PrimoWireless wins tender to connect rural Taranaki and grant for Whangamomona

Matthew Harrison of PrimoWireless says the company has different technology than the big industry players.
SIMON O'CONNOR/STUFF

Matthew Harrison of PrimoWireless says the company has different technology than the big industry players.

Some of the most remote homes and businesses in Taranaki will soon have access to the fastest internet available - wireless broadband.

Internet service provider PrimoWireless has been named the Wireless Internet Service Provider for the region after winning a bid for the Government's second phase of the Rural Broadband Initiative (RBI) - a $150 million package to pay for connecting rural areas to the internet.

Matthew Harrison, PrimoWireless managing director, said the RBI funding would mean another 300 people in North Taranaki, including Tarata, Tongaporutu and Ahititi, could be be connected to the internet by mid 2020.

Matthew Harrison, managing director of PrimoWireless, said the New Plymouth business is able to connect users in ...
SIMON O'CONNOR/STUFF

Matthew Harrison, managing director of PrimoWireless, said the New Plymouth business is able to connect users in hard-to-reach areas.

"We can go out into areas where no one else is, where there is no coverage," he said. "They're all finally going to get broadband as fast as what townies can have."

Their wireless network runs through an internet signal sent out by PrimoWireless in New Plymouth. The signal then bounces along specially built towers until it reaches an antenna on top of a customer's roof and is piped down into their home.

The new funding announcement last week coincided with a grant from the Taranaki Electricity Trust (TET), which handed $54,000 to the people of Whangamomona - an area that was not covered under the RBI scheme - to pay PrimoWireless to connect the town to broadband.

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"The campgrounds really want it and the hotel really needs it because their eftpos will stop working when they switch off the copper system at the end of next year," Harrison said.

In order to reach the town from the provider's furthest point of Strathmore, Harrison said PrimoWireless would need to build at least another four sites - priced about $20,000 each.

"It's just a lot of money to get all the way there," he said.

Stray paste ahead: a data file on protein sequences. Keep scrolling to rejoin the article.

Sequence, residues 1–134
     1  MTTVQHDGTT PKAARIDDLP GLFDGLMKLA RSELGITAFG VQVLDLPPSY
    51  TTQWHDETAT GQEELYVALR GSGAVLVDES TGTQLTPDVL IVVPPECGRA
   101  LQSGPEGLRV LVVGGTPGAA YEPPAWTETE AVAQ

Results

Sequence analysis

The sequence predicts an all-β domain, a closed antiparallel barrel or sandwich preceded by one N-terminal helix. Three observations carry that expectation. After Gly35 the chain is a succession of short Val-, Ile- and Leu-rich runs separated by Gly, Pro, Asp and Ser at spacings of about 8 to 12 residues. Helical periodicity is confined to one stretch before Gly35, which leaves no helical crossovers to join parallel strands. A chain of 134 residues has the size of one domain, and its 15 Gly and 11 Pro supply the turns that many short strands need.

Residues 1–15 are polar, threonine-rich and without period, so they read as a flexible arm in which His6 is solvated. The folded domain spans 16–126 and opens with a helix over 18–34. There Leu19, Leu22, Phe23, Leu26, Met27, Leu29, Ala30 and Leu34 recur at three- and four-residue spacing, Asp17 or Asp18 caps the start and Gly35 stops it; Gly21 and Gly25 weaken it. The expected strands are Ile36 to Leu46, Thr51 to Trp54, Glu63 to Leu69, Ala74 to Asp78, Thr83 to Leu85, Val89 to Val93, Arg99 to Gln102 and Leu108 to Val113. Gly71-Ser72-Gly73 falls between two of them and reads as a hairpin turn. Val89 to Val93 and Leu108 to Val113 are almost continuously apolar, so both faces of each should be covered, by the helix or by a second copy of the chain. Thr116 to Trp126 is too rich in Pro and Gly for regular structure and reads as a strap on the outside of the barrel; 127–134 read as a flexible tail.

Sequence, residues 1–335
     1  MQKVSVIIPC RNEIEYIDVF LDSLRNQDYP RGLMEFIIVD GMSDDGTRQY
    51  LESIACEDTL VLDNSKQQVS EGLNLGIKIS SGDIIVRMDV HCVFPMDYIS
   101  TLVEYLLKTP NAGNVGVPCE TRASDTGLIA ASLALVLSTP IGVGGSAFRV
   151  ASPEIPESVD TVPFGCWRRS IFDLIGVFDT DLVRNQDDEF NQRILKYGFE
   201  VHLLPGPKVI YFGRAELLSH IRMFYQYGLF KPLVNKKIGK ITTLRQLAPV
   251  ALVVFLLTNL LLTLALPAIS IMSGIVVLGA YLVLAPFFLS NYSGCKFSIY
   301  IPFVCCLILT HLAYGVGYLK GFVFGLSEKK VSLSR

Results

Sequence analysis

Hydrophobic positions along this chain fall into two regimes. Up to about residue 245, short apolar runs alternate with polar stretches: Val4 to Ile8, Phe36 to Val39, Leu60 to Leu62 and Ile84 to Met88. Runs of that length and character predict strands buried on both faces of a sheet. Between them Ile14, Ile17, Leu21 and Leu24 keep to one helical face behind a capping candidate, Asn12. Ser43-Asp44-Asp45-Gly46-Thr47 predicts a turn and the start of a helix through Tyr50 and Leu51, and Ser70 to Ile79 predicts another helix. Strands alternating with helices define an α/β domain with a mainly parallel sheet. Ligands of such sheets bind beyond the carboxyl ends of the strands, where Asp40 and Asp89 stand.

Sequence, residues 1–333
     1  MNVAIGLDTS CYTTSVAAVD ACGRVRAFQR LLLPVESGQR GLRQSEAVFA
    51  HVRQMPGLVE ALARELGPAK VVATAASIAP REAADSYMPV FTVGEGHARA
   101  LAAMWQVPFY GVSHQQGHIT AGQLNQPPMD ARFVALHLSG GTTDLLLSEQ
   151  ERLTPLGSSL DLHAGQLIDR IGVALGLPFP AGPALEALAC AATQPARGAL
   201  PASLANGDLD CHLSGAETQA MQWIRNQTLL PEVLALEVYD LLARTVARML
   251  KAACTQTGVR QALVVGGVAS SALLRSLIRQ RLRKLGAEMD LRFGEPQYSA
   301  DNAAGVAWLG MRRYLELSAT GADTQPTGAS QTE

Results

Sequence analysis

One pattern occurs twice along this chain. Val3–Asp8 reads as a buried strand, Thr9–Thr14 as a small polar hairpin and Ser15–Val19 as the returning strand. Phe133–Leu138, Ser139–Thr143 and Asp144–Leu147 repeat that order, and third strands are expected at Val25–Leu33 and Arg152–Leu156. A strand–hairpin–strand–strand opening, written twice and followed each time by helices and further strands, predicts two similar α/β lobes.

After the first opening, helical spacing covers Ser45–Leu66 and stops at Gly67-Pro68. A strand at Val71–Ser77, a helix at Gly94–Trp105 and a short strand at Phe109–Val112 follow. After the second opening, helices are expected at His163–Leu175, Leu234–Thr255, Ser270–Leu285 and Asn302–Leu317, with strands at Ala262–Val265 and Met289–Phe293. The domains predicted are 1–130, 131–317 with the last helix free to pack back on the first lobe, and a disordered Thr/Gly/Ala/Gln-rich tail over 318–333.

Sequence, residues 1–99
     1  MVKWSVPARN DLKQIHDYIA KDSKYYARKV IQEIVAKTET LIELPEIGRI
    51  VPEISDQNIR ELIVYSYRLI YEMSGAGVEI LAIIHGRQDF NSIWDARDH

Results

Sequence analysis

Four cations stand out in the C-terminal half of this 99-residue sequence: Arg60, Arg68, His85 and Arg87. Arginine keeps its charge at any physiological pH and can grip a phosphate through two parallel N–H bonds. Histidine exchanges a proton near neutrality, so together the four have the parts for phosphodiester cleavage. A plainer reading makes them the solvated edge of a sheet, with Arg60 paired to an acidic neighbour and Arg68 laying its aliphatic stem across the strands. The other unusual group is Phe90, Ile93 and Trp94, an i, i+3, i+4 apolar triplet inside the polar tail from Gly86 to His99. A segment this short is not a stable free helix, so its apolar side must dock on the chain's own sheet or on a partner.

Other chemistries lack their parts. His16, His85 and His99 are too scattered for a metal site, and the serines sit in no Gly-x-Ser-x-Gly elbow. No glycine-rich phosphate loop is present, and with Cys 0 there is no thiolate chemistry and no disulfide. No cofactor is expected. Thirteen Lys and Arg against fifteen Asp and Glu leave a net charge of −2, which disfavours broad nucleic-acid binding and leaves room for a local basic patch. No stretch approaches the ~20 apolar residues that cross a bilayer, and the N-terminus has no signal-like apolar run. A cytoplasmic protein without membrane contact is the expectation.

"It's all very well in building it but in five years when we need to go and replace all the batteries, we need to have the customer numbers to have paid for that."

While it's "commercial non-viable" for larger companies to build towers for rural communities, Harrison said PrimoWireless used "different technology" and were able to come to mutually beneficial arrangements with people in rural communities.

"We can actually build sites on farm land and not have to pay rent because we'll give the land owner free unlimited internet and in return, they just have to give us four square metres of land on their farm - on a hilltop they probably don't use anyway."

"It just opens the door for the rural community to have everything else that the local community has in town."

Before the funding, Harrison said it would have likely taken 10 to 20 years to connect these remote areas.

"By the Government effectively putting their weight behind us and funding the infrastructure, we're able to roll out of those areas much faster than we would have previously," he said.

The tender process included outlining connection plans which were then compared to what larger companies, such as Spark and Vodafone, had planned as part of the Rural Connectivity Group (RCG) - a collaborative effort between Vodafone, Spark and 2Degrees to service mobile "black spots."

"They're going to be doing parts of Taranaki as well, but we've effectively got all the hard-to-reach ones because that's what we specialise in doing," Harrison said.

Harrison said the timeline for roll-out had yet to be worked out as land first needed to be acquired. 

 

 

 - Stuff

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